Loch Melfort Hotel, Argyll, Scotland

logoIt would be extremely easy for the gourmet and wine lover to spend a splendid couple of weeks wending their way up or down the length of Scotland’s stunningly attractive west coast. Not only are there dozens of terrific, simple restaurants, pubs and hotels celebrating local ingredients – especially some of the world’s finest seafood – but there’s a string of luxury hotels with very good restaurants, all of which sit directly on the coast or islands and offer extraordinary peace, tranquillity and uplifting surroundings. This is one of the world’s great travel destinations.

Many of these country house hotels have been reviewed here on wine-pages. Your journey could begin in the deep southwest of the country at Knockinaam Lodge, take in two fabulous hotels near Oban, Airds or Isle of Eriska, and finish far to the north near the wild and rugged Cape Wrath at the famous Summer Isles hotel. But I was recently introduced to a new option in the shape of the Loch Melfort Hotel, around 19 miles south of the port town of Oban.

mapUnlike the properties above, Loch Melfort is not aimed at the super-luxury, Relais & Châteaux-style end of the market. It’s official three-star rating means prices are moderate, with bed, breakfast and full dinner from less than £200 for two people in peak season. But that also buys one of the most dramatically beautiful settings of any hotel in the British Isles.

The hotel describes itself as a “Luxury three-star,” and indeed our suite (£306 per night in peak season for two people, including dinner) not only had patio doors leading to a private roof-top terrace with those majestic views over the isles, but a modern bathroom, luxury products, flat screen TV and all the upmarket niceties of a king-size bed and cool Egyptian cotton sheets, bathrobes, bottled water, fresh fruit and stacks of lifestyle magazines. However most of the rooms are a little more modest, housed in a timber-clad extension to the side of the old house, but still with those floor-to-ceiling views of the coast. Decorative order is good, and although I noted some exterior finishes that needed a bit of TLC, the hotel is comfortable and relaxing throughout.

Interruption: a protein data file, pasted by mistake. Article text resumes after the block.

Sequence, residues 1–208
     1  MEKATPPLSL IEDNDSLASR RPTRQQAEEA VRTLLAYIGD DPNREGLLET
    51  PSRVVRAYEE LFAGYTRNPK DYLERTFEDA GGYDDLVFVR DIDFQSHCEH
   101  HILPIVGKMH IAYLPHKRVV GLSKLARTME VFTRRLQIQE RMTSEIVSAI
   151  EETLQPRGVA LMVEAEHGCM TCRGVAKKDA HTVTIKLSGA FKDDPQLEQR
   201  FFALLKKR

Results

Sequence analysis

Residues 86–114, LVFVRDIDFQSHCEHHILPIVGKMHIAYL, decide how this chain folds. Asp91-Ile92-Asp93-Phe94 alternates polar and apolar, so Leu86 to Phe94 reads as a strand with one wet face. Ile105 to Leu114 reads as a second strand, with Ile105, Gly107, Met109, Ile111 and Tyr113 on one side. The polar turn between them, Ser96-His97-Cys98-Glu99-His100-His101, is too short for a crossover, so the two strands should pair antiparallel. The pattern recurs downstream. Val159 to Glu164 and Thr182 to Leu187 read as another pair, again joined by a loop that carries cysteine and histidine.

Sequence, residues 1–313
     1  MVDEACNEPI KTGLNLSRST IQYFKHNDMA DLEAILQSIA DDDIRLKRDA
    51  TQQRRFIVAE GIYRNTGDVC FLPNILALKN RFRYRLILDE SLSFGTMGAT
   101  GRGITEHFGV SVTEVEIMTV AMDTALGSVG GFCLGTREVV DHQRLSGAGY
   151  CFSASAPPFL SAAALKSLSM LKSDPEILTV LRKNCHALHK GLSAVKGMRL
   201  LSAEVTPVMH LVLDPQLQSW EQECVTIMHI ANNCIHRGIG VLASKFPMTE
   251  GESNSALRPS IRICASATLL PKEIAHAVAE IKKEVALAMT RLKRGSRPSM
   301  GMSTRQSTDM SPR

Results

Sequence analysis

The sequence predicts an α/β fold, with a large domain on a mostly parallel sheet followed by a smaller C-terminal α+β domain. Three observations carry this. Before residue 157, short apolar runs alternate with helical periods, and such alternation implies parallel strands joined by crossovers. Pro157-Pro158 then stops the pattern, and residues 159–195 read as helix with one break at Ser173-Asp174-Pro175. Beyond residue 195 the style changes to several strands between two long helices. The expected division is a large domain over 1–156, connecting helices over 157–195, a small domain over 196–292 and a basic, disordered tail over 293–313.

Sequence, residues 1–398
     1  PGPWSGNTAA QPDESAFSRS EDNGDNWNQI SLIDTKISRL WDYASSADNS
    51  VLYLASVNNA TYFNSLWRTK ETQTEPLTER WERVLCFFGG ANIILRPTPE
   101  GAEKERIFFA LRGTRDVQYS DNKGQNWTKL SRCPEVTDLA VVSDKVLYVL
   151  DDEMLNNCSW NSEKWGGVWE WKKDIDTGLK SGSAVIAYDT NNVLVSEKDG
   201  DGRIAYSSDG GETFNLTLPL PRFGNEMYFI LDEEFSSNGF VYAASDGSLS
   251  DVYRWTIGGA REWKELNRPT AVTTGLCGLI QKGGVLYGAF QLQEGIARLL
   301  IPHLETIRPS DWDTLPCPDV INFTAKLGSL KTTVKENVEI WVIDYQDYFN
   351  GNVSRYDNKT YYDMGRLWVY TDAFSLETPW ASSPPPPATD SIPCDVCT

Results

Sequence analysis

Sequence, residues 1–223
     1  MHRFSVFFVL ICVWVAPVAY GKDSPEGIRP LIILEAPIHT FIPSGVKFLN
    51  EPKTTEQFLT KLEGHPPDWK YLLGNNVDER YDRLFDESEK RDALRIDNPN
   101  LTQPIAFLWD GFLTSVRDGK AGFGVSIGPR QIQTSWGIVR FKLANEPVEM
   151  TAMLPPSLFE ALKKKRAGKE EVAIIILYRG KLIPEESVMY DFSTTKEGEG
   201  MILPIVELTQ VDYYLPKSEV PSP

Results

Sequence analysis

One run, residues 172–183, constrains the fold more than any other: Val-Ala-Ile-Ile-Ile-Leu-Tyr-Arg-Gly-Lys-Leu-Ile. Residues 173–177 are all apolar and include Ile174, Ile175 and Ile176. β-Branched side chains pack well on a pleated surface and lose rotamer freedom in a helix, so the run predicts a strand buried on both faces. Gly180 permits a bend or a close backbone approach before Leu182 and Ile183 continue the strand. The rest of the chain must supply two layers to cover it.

the hotelThe setting is wonderful. A path leads directly to a rocky beach, through a field of chickens (to provide breakfast eggs) and Highland cattle munching contentedly at the grass. The view across Asknish bay to an endless array of islands is absorbing, dotted with white-sailed yachts and wheeling sea-birds.

The Loch Melfort hotel offers two dining options. The first is the Chartroom, a busy bar/bistro that serves hotel guests and tourists, and visitors to the National Trust Arduaine coastal gardens with which the hotel shares the bay (and which are well worth a visit). Coffees, cakes, beer, wine and snacks are served by day, and simple food by evening. The main restaurant, the Asknish Bay, holds two AA rosettes and offers a grander dining experience with a £41 table d’hôte menu that for most guests is part of their dinner, bed and breakfast package.